Pterygium Signs and Treatments

The perils of ultraviolet (UV) light on your skin are well-documented, leading to photoaging and, sometimes, cancerous mutations. Your eyes are also susceptible to UV rays, and one of the common results of exposure is pterygium, sometimes known as surfer’s eye. Exposure to other elements like wind and dust also contribute. 

Fortunately, pterygium isn’t cancerous. It’s usually not a serious condition, but it can cause discomfort or pain and affect your vision. Other times, it generates no symptoms at all. However, if you spend plenty of time outdoors, you could be at an elevated risk. 

IC Laser Eye Care specializes in the diagnosis and treatment of pterygium. One of their offices — in Philadelphia and Bensalem, Pennsylvania, and Hamilton, New Jersey — should be your first call when symptoms become annoying. Wearing sunglasses every day, even when it’s cloudy, can help to prevent the development of pterygium, but when you start to detect the symptoms, expert eye care is your best bet. 

Signs of pterygium

It’s possible to have pterygium growths without experiencing symptoms. There’s no need for treatment unless these growths begin to impact your life. The signs and symptoms you might experience include: 

Sometimes, you could find a yellowish bump called a pinguecula before the pterygium forms. Usually, problems start on the inside white of your eye, nearer your nose, but pterygium can begin on the other side, nearer your ear, as well. 

Treating pterygium

Mild cases of pterygium may be treated with various types of eye drops. Over-the-counter eye drops that moisten or lubricate can ease some symptoms, while other formulations designed to reduce irritation and redness may be effective for others. Steroidal drops may be prescribed to more aggressively reduce swelling while treating itchiness, redness, and eye pain.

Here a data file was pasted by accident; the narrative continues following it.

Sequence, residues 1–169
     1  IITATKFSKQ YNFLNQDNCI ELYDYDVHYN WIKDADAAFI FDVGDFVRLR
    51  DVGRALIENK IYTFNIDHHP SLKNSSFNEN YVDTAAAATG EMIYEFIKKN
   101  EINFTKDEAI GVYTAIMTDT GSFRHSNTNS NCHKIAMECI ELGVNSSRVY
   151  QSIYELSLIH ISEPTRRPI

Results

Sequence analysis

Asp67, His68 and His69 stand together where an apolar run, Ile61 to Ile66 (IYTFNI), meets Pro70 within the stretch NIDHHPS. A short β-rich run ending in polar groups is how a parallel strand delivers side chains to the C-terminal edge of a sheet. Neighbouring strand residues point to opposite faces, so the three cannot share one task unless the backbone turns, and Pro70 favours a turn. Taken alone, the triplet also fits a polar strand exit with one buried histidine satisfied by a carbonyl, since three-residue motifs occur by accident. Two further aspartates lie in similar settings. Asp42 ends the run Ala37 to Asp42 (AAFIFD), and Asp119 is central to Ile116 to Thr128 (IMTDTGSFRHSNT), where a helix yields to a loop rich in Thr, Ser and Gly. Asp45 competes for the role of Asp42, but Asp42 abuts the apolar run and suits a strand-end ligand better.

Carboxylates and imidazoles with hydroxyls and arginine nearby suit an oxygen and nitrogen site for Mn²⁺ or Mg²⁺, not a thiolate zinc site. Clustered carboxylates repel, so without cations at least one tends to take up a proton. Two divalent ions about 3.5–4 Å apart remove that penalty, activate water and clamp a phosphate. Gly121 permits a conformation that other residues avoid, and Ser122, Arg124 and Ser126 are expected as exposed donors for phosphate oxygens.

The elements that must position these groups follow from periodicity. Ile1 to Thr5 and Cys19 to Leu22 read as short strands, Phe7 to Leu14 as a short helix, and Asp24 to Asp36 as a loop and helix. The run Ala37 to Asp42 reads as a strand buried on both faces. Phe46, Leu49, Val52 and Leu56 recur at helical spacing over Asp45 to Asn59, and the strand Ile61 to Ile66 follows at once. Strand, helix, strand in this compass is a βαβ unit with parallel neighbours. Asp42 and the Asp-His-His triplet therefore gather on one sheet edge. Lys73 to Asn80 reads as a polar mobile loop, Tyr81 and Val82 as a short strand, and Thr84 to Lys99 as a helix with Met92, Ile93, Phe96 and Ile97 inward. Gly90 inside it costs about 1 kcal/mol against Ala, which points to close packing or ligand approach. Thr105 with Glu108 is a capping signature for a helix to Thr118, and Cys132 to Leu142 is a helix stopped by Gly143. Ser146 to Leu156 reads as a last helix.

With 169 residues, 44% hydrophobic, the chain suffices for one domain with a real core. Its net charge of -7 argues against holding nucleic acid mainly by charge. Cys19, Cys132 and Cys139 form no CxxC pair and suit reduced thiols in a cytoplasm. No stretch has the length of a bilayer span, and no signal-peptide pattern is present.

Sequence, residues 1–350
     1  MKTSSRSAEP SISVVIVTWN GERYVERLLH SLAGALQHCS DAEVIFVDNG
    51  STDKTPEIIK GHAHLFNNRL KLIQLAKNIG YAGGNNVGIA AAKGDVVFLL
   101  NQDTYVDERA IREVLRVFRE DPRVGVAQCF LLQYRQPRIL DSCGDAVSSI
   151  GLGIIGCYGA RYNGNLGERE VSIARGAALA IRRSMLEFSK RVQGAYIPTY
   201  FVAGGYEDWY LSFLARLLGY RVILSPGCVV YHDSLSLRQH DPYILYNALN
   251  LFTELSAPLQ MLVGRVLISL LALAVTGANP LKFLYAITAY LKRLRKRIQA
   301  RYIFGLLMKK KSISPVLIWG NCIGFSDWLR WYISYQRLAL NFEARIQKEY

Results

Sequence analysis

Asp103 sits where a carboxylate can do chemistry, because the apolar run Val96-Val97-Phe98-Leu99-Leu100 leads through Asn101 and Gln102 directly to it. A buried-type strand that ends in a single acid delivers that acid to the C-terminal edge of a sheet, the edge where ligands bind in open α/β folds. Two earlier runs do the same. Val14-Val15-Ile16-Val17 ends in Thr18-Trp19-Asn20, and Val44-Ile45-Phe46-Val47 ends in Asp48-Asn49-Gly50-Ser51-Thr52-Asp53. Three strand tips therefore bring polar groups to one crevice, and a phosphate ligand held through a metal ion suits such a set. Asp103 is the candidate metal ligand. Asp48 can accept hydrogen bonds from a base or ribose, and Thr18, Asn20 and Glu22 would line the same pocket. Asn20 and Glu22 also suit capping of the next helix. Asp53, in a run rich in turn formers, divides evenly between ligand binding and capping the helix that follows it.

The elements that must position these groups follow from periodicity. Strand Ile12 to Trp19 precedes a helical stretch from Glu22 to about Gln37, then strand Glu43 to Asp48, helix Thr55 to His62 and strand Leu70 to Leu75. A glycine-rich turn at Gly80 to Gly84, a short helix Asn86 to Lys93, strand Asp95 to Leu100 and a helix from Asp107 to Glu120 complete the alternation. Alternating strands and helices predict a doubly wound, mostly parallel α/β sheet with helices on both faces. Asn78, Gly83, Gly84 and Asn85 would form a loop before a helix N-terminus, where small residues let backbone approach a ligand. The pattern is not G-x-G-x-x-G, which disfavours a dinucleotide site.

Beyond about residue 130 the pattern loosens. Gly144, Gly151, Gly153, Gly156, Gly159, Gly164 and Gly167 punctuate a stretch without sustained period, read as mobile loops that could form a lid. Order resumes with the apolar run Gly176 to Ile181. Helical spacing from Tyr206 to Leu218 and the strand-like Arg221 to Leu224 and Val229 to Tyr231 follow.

In more serious cases, when discomfort or pain can’t be relieved with more conservative treatment, pterygium may require surgery. Several surgical approaches to remove pterygium are available. The choice of method depends on the nature of your particular case. 

It’s possible for pterygium to regrow after surgery. However, surgical technique and post-procedure medications can reduce the risk of this happening. 

Reducing your chances

Sunglasses that block both UVA and UVB light are perhaps your best protection against the development of pterygium. Wraparound glasses also provide you with protection against the drying conditions of wind while also blocking the path for dust and other foriegn matter. 

Wide-brimmed hats can add to the protection afforded by sunglasses. Note that some UV rays can bounce around indoors, too. While your car’s windshield is treated for UV protection, side windows usually aren’t. Knowing where UV light can penetrate helps you to protect yourself. 

For any eye-related concerns, including pterygium, contact IC Laser Eye Care for diagnosis and treatment. Call the nearest office directly, or use the appropriate online link. It’s up to you to say no to the appearance and irritation of pterygium, so book your consultation now. 

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